Set List Bonus: 2014 BET Experience

  • Chris Brown, August Alsina and Trey Songz perform at the 2014 BET Experience
    Photo: Earl Gibson/BET/Getty Images
  • Mary J. Blige performs at the 2014 BET Experience
    Photo: Maury Phillips/BET/Getty Images
  • Jennifer Hudson performs at the 2014 BET Experience
    Photos: Earl Gibson/BET/Getty Images

Welcome to The Set List. Here you'll find the latest concert recaps for many of your favorite, or maybe not so favorite, artists. Our bloggers will do their best to provide you with every detail of the show, from which songs were on the set list to what the artist was wearing to which out-of-control fan made a scene. Hey, it'll be like you were there. And if you like what you read, we'll even let you know where you can catch the artist on tour. Feel free to drop us a comment and let us know your concert experience. Oh, and rock on.

By Kiana Butler
Los Angeles

If the BET Experience is a family friendly celebration of black entertainment, then the final night of the three-day extravaganza at Staples Center on June 29 was the grown-up and sexy cherry on top. The night began with recent GRAMMY nominees TGT, who provoked teenagelike screams from the mostly over 21 crowd. Comedian/host Bill Bellamy worked overtime to turn those screams into laughs with jokes about folks who poured into the arena late, most likely making their way from the nearby Nokia Theatre L.A. Live where the 2014 BET Awards had just wrapped.

Despite debuting a new song on the telecast a few hours earlier, Jennifer Hudson appeared fresh and ready to party. Sporting tight black pants, she kicked it up a notch with a fun set that included the upbeat "Pocketbook," "Spotlight" and "Think Like A Man," the latter of which featured a surprise appearance by fellow GRAMMY winner Ne-Yo. Hudson strutted onstage with a swagger some might not expect from the often mild-mannered performer.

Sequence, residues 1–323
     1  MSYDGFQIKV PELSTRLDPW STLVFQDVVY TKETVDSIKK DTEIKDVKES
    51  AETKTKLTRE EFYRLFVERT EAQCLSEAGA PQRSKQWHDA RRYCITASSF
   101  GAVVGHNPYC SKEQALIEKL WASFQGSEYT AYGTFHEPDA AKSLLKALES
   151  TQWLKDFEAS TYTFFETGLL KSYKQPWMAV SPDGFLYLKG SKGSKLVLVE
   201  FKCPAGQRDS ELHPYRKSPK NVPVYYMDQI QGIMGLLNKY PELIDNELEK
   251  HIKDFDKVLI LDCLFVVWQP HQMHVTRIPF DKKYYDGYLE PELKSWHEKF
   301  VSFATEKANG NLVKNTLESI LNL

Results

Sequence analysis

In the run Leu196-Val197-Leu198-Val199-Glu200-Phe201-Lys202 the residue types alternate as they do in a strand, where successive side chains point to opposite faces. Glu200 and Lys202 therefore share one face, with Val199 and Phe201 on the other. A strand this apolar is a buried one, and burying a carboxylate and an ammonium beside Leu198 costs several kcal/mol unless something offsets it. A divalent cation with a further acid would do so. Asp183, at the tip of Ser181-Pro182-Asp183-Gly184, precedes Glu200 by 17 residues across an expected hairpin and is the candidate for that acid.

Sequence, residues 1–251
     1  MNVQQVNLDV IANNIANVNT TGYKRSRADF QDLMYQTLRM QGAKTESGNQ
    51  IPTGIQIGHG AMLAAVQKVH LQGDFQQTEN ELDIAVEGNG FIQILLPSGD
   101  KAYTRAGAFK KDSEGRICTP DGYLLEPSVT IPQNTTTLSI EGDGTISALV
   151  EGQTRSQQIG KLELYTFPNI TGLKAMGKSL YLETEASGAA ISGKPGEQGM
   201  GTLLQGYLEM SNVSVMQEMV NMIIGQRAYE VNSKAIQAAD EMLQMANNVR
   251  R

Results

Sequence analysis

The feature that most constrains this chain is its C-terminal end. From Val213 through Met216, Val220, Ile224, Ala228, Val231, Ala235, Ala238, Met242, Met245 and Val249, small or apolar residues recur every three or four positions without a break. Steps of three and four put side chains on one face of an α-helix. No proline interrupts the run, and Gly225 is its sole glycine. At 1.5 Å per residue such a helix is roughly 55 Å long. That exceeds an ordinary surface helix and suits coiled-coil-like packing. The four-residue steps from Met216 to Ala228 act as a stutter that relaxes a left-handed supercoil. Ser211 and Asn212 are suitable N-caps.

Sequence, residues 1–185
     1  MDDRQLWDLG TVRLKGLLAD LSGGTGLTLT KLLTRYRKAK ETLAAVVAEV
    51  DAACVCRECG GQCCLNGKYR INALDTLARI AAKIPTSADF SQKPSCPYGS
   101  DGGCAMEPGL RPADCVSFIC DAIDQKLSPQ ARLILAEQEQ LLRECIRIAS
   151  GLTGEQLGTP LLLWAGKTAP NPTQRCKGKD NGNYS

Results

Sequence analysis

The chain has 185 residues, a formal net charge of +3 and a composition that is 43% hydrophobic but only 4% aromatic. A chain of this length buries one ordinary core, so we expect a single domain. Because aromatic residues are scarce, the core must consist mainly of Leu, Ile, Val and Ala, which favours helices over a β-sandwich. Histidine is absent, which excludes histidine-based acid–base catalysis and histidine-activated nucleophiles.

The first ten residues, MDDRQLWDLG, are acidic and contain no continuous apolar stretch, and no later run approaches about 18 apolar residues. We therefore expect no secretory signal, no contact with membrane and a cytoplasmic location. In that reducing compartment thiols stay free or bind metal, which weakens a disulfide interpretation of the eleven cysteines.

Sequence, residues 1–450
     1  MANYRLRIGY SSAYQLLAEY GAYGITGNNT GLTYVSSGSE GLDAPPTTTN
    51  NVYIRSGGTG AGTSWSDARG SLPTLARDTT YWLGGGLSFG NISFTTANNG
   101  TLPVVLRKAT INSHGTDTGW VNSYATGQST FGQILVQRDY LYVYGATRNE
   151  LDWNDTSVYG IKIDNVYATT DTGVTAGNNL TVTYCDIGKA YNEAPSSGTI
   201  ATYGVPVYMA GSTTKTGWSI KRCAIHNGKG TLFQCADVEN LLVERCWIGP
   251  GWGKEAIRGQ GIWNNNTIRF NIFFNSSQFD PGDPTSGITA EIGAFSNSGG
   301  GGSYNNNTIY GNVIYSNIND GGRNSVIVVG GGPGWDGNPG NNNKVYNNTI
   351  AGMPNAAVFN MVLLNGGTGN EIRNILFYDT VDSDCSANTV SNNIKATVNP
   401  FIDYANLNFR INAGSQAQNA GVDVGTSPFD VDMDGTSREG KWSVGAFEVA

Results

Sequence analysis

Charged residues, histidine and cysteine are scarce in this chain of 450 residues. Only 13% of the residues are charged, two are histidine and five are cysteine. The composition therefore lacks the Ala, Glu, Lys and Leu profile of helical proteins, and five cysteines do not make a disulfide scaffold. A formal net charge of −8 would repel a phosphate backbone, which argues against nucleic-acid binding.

"All I know how to do is bounce my shoulders," she joked after spotting a guy rolling his body in the aisle. Thankfully, Hudson's voice made up for what she lacked in the dance department. Her set ended with a spine-tingling execution of "And I Am Telling You I'm Not Going." Midway through the Dreamgirls hit, she shouted, "I might've lost weight, but I ain't lost my voice." And no one disagreed, including the woman behind me who screamed with a thick New Orleans drawl, "She is singing to the gods, baby!"

Dressed head-to-toe in white, Trey Songz followed with hits such as the boastful "I Invented Sex" and unabashed "Neighbors Know My Name," which made the women swoon, especially when he took off his jacket and revealed a sweaty six-pack. The GRAMMY-nominated heartbreaker settled into "Dive In" before bringing out a string of surprise guest performers, including rapper Ty Dolla Sign, who made everyone get on their feet with his hit "Paranoid." Then came newcomer August Alsina with "I Luv This S***," which features Songz and Chris Brown. Brown appeared a few minutes later — receiving the loudest screams of the night — to perform "Loyal" with rapper Tyga. They all remained onstage to perform "Na Na" and when Songz shouted "put your hands in the air if you're loving tonight," every hand went up and stayed there until GRAMMY winner Mary J. Blige came and owned the rest of the night.

My first concert was a Blige show at age 13, but I was too young to truly understand what she was singing. Sporting a short white suit and honey blond hair, Blige made her way down a flight of stairs to share her world, and I was finally old enough to relate. Almost like a preacher in church she testified, including in her set classic cuts such as "Real Love," "You Remind Me" and "Reminisce." She also performed the new "Suitcase" and belted out crowd favorite "I'm Going Down," but it was when she launched into "Be Happy" that I could sense her saving souls. "All I really want is to be happy," she sang, and a sea of people closed their eyes and threw their hands in the air while singing with her, as if in worship.

There is no denying Blige is due all praise. But what struck me the most about the Queen of Hip-Hop Soul was how gracious she is. She said "thank you" after every song and it didn't strike me as ironic until she finished her final song of the night, "A Night To Remember." As we filed out of the arena I could sense everyone wanted to say, "No, Mary. Thank you, for a night we'll never forget."

Email Newsletter